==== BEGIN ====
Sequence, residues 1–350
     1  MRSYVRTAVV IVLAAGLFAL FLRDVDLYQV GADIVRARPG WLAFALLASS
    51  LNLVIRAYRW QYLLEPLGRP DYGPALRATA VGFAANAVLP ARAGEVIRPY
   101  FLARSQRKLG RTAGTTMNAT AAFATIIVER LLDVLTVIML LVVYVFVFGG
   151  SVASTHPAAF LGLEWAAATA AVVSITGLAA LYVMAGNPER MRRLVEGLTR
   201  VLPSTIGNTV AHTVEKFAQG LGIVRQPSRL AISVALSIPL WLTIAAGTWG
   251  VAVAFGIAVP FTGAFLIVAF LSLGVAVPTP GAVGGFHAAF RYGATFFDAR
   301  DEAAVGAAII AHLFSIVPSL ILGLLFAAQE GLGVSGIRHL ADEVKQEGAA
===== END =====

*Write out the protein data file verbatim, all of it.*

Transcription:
Sequence, residues 1–350
     1  MRSYVRTAVV IVLAAGLFAL FLRDVDLYQV GADIVRARPG WLAFALLASS
    51  LNLVIRAYRW QYLLEPLGRP DYGPALRATA VGFAANAVLP ARAGEVIRPY
   101  FLARSQRKLG RTAGTTMNAT AAFATIIVER LLDVLTVIML LVVYVFVFGG
   151  SVASTHPAAF LGLEWAAATA AVVSITGLAA LYVMAGNPER MRRLVEGLTR
   201  VLPSTIGNTV AHTVEKFAQG LGIVRQPSRL AISVALSIPL WLTIAAGTWG
   251  VAVAFGIAVP FTGAFLIVAF LSLGVAVPTP GAVGGFHAAF RYGATFFDAR
   301  DEAAVGAAII AHLFSIVPSL ILGLLFAAQE GLGVSGIRHL ADEVKQEGAA